# Tag Archives: Basis of Payment

## The Mathematics of a Performance Based Contract (PBC) – Part 2

In the previous article (see The Mathematics of a Performance Based Contract (PBC) – Part 1) I described how a standard Australian Department of Defence Non-Linear PBC Payment Curve could be described by 2 equations for straights lines of the … Continue reading

## The Mathematics of a Performance Based Contract (PBC) – Part 1

Over the 15 years of applying and teaching Performance Based Contracting (PBC) I have always had trouble trying to describe the mathematics of PBCs, especially to those who Reminded by my family’s current viewing of the US TV Series, Numbers, … Continue reading

## Cost Performance Measures

Business, that’s easily defined – it’s other people’s money. Peter Drucker In addition to using the Basis of Payment as a method for shaping the cost behaviour of the seller it is also possible to use a “cost” performance measure … Continue reading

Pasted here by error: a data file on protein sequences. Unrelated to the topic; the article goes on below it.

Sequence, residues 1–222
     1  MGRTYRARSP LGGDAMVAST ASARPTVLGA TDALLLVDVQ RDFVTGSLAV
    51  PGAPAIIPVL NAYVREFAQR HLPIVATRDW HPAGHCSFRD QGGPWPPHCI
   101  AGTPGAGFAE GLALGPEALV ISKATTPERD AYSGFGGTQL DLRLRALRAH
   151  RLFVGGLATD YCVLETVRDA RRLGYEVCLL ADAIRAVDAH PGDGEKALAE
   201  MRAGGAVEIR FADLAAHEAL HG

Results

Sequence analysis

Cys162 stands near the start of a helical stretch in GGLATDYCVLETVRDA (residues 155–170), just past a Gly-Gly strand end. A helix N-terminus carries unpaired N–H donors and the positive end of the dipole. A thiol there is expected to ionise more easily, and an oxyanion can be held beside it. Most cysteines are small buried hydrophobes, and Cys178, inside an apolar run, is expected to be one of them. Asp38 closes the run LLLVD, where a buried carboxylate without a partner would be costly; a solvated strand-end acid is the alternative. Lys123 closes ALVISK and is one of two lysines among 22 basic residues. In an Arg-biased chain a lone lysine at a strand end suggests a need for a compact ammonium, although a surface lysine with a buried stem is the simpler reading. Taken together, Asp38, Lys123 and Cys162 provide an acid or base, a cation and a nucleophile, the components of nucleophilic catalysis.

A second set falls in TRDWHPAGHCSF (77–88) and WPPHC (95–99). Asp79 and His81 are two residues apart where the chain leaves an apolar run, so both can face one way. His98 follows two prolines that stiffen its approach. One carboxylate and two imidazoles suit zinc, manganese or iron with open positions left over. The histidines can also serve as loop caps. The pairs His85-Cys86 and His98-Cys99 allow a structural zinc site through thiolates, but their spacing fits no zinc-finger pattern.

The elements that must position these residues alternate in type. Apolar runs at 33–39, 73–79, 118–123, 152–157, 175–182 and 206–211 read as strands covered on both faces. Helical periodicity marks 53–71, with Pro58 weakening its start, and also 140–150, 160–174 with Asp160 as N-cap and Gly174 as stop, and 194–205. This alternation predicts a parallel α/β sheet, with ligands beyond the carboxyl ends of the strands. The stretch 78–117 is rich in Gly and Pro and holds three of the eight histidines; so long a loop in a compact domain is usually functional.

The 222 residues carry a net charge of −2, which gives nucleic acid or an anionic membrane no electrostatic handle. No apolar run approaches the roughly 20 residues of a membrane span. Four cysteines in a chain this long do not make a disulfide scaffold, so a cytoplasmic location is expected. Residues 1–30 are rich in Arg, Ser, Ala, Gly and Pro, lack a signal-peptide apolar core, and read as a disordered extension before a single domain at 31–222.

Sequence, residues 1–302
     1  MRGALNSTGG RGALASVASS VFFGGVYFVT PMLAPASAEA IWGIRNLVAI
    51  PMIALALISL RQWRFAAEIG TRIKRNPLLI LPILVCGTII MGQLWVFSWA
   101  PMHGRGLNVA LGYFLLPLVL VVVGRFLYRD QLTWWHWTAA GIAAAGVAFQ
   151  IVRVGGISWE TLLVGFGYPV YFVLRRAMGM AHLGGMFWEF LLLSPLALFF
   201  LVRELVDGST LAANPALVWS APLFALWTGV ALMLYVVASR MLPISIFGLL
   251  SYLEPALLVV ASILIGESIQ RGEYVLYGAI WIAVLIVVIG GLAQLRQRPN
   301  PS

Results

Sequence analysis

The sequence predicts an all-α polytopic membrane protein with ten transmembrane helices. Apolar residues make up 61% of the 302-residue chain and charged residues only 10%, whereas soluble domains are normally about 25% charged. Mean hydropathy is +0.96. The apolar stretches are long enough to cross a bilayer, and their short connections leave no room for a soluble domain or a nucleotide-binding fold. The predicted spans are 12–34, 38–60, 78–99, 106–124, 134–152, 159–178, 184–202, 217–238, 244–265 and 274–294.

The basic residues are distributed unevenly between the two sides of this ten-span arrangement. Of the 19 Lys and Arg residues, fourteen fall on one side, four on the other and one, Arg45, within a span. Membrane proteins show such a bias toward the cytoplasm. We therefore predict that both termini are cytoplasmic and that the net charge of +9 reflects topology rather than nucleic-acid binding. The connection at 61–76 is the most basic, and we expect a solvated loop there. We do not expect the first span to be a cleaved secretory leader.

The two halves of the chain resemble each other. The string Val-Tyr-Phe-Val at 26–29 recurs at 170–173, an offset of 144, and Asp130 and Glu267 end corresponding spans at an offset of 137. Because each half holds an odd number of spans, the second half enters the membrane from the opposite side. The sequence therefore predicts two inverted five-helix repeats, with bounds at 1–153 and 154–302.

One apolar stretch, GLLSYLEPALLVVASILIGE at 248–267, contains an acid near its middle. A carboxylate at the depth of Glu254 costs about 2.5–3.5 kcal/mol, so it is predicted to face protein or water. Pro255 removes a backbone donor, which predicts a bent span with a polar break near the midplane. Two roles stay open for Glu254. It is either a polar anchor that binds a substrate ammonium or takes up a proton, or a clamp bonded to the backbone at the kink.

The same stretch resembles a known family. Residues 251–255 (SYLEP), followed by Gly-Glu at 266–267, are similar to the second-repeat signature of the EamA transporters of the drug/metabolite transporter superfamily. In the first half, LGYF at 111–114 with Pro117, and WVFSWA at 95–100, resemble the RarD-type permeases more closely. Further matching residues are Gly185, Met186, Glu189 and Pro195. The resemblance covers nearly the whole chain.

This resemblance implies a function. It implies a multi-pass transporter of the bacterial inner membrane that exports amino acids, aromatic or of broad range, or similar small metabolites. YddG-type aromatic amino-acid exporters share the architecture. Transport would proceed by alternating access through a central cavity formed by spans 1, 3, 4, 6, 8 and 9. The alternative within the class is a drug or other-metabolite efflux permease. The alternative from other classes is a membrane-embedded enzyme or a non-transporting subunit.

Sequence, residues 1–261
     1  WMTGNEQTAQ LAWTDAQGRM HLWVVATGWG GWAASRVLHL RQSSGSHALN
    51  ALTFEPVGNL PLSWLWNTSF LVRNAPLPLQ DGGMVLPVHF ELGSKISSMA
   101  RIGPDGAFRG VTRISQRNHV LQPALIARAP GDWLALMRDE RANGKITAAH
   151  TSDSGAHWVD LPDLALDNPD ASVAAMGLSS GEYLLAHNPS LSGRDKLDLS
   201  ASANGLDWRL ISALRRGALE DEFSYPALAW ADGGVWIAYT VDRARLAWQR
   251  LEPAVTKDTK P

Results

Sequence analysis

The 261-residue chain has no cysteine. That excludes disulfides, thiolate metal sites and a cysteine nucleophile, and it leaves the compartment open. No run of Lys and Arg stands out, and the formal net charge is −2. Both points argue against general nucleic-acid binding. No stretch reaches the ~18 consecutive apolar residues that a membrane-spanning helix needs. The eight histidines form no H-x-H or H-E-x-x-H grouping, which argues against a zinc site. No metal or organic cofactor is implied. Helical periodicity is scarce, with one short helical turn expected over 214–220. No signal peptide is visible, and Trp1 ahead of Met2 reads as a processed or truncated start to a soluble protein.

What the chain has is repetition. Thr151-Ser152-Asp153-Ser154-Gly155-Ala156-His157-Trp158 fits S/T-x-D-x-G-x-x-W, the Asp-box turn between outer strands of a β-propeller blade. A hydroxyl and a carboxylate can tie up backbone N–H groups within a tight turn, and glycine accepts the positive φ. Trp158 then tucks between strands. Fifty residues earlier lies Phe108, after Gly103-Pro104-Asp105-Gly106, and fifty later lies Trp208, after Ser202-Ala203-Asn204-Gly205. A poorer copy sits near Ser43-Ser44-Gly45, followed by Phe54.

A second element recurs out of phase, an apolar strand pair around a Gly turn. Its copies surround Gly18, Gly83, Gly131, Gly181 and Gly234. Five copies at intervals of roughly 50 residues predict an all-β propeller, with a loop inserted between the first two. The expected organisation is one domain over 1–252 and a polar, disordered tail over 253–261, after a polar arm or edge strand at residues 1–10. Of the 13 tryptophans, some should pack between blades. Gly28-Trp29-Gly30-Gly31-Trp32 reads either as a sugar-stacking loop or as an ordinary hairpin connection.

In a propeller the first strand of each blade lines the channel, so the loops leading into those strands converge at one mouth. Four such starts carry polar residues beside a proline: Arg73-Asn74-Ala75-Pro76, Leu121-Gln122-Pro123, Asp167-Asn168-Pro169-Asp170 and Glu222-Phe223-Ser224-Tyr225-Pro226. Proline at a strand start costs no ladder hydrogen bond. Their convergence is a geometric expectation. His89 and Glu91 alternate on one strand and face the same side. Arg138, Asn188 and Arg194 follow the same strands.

## Payment Curve (Part 3) – Alternate Payment Curves

In a previous post we looked at the common types of Payment Curves used in a Performance Based Contract (PBC). These were the All or None Payment Curves, Linear Payment Curves and the Non-Linear Payment Curves. In this post we … Continue reading

## Payment Curves (Part 2) – Common Performance Curves

In an earlier post we described the role and common features of a Payment Curve used in a Performance Based Contract (PBC), including the difference between Achieved Performance and the Adjusted Performance Score. In the first of two posts we will … Continue reading

## Payment Curves (Part 1)

Changes to Contractor payments based on Contractor performance is one of the fundamental tenets of the Performance Based Contracting (PBC) approach. While changing payment uses a variety  of methods, all typically use a Payment Curve to describe how to change the payments. But, before we look at … Continue reading

## Carrot and Stick (Part 2)

In part 1 of this article we spoke about the 2 types of approaches to incentives; Approach 1 being negative incentives (stick) and Approach 2 being positive incentives (carrot). We also introduced a behaviour called loss aversion which describes how … Continue reading